N.J. Constitutional Convention: Vol. 4, Page 348


STATE OF NEW JERSEY CONSTITUTIONAL CONVENTION OF 1947
COMMITTEE ON THE JUDICIARY
Wednesday, July 9, 1947 (Morning session)

ment of special terms of the Supreme Court. In other words, to do that which would expedite appeals. He could assign these matters back and forth, whether it's a new case or an old case; that would make no difference.

MR. BROGAN: What would you do in a certain case which is given them for rearguing before this special tribunal?

MR. SMITH: What was the exact language of that paragraph?

VICE-CHAIRMAN (reading):

"If the supreme court fails to hear any case within two months after an appeal is perfected, or fails to decide any case within two months after it has been argued or submitted, the chief justice is required to certify that fact to the governor, and the governor may appoint a special term of the supreme court from among the justices of the superior court, to act until the congestion of cases has been overcome."

I take it to mean that this additional court does not touch cases already argued before the first court. However, by reason of new cases coming in all the time, delayed cases might be delayed even longer. To avoid prolonging these delayed matters further, they would assign them to other judges, to expedite their clearance.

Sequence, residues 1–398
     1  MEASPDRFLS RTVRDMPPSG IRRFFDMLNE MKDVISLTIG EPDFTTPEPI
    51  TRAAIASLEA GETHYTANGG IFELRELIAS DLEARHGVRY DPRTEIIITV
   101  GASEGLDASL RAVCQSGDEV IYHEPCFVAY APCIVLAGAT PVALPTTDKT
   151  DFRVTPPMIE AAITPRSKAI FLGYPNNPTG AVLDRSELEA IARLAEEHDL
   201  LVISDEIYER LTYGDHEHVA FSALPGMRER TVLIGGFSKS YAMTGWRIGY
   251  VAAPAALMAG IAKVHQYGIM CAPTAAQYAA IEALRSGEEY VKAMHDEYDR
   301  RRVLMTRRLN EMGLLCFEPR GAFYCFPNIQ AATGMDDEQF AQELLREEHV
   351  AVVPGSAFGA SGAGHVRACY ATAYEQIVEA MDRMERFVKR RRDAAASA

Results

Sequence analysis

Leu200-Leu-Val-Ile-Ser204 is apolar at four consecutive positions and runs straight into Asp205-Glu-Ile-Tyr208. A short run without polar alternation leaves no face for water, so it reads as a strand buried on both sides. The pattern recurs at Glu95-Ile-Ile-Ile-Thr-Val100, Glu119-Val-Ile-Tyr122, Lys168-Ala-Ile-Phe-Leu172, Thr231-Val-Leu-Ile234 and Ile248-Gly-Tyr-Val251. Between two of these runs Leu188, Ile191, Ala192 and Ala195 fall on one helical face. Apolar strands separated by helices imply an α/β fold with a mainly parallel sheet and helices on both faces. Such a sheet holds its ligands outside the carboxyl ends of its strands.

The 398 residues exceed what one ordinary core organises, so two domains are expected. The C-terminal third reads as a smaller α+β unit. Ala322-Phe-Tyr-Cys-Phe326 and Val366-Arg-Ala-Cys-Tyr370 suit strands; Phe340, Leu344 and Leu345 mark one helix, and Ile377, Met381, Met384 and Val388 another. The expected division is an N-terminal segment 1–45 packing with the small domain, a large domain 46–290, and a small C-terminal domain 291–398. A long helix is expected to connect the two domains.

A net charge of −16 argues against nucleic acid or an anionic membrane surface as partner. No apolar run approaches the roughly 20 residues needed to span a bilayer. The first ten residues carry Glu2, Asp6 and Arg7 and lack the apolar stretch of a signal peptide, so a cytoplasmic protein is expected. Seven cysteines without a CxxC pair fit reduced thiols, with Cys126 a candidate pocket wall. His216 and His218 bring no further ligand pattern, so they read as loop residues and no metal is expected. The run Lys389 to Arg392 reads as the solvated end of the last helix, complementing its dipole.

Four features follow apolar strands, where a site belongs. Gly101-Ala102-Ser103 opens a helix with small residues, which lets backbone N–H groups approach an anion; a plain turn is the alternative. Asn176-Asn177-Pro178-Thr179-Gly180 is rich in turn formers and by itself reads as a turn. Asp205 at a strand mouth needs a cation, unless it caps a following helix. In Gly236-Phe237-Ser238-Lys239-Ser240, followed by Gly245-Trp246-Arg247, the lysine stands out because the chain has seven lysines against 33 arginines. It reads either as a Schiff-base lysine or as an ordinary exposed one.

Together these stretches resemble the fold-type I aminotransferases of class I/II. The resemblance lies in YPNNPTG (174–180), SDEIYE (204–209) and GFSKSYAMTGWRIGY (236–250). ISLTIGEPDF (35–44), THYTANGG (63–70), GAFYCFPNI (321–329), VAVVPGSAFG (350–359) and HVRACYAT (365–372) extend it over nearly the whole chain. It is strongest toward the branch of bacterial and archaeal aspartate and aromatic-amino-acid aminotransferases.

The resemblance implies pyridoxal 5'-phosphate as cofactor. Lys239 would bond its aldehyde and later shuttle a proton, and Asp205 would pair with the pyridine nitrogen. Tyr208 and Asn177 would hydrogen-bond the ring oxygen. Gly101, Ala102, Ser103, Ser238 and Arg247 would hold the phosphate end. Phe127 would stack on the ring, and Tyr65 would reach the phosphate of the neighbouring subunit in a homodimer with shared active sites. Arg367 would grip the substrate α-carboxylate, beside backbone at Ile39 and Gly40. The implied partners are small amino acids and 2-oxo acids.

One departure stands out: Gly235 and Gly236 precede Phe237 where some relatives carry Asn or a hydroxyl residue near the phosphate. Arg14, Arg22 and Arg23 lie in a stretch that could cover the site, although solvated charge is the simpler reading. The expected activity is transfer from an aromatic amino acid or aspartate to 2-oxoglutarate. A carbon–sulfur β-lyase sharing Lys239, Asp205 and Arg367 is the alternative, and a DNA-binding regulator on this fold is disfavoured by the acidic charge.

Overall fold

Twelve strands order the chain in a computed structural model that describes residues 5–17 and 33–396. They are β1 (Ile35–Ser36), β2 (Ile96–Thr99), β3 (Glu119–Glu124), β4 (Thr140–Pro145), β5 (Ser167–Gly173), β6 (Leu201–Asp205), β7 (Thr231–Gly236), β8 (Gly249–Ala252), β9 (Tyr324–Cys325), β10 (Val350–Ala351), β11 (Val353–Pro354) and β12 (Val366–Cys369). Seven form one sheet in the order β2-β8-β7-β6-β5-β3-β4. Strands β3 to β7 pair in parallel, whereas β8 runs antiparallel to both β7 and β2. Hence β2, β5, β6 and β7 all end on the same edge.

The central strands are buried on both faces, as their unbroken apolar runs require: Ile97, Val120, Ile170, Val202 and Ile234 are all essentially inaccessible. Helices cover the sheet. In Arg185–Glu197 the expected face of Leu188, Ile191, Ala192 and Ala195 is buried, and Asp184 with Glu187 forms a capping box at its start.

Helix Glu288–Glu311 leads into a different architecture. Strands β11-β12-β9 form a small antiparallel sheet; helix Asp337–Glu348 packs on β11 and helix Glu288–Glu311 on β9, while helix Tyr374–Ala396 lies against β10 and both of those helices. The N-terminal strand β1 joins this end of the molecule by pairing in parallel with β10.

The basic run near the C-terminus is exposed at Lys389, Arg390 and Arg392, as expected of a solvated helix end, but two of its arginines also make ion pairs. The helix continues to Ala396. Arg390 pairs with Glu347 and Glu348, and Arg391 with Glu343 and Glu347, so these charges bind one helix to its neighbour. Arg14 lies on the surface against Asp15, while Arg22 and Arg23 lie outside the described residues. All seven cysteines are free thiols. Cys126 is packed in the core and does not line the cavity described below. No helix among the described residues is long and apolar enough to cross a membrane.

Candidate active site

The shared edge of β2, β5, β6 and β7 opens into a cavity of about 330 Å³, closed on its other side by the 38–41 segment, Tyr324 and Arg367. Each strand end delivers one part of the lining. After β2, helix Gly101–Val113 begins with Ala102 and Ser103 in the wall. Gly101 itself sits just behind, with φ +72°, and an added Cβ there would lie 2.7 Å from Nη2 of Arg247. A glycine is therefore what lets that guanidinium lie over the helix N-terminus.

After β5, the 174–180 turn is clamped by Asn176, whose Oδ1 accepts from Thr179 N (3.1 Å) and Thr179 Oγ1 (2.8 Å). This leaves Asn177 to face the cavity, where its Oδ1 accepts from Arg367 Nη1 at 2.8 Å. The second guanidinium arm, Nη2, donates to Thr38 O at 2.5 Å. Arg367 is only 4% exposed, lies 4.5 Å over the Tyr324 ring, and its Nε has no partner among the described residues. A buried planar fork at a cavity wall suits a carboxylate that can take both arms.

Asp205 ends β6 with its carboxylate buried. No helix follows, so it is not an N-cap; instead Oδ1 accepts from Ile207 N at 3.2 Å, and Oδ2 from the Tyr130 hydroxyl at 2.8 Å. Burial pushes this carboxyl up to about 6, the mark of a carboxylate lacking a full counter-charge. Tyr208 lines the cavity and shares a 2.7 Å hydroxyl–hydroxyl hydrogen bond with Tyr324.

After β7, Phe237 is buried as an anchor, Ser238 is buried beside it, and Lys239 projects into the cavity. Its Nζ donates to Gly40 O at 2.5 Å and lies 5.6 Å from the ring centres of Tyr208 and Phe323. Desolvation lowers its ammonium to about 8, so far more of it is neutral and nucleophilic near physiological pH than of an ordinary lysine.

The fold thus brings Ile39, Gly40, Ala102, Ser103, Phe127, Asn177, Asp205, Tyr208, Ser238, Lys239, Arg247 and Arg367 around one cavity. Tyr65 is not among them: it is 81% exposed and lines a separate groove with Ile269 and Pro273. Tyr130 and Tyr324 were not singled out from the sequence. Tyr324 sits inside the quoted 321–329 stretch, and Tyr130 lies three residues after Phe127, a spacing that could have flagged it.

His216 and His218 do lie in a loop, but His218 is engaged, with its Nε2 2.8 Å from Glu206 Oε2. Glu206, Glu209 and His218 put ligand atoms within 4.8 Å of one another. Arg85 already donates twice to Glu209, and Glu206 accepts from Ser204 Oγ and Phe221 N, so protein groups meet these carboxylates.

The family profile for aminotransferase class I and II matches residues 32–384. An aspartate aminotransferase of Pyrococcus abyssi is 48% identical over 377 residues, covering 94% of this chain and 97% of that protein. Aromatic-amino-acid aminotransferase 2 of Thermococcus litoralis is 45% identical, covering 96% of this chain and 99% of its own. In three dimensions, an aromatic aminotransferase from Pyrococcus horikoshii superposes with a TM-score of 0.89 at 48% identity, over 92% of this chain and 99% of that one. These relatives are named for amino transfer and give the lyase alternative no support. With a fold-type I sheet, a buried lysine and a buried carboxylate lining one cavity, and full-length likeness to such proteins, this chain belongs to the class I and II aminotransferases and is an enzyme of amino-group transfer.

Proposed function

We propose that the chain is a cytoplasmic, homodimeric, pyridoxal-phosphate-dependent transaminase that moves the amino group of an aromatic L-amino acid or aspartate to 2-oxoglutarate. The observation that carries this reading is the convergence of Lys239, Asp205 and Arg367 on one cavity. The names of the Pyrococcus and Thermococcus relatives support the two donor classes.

MR. SOMMER: That is perfectly clear.

VICE-CHAIRMAN: We don't have to worry about the meaning of that.

MR. SOMMER: We are interested in the purpose.

VICE-CHAIRMAN: I take it, by reason of the reference to the time element, that that meant they were not to remove any particular case that was once argued. That was one of the arguments against its adoption in 1942. Otherwise, it would mean that a particular case could be taken away any time and shifted to another court or special judge.

I don't think that was the purpose at all. I think it was intended to apply to cases that were unduly delayed.

MR. PETERSON: In your proposal as to mandatory retirement at 70 years, I take it that would be effective immediately upon the adoption of the Judicial Article of the Constitution?

MR. KERNEY: The effectiveness of it would lie with the Schedule section.

MR. PETERSON: Well, in the 1942 Constitution, had it been adopted, it would have been effective the second week in January, except that the judicial section in the Schedule set it for November 15, 1945.

MR. KERNEY: Yes.

MR. PETERSON: It would not have been deferred, I take it, more than a month?

VICE-CHAIRMAN: In view of the fact that we borrowed Mr. Kerney from another Committee, may I suggest that you wind up your questions?

Mr. Kerney, may I take this opportunity to thank you for your


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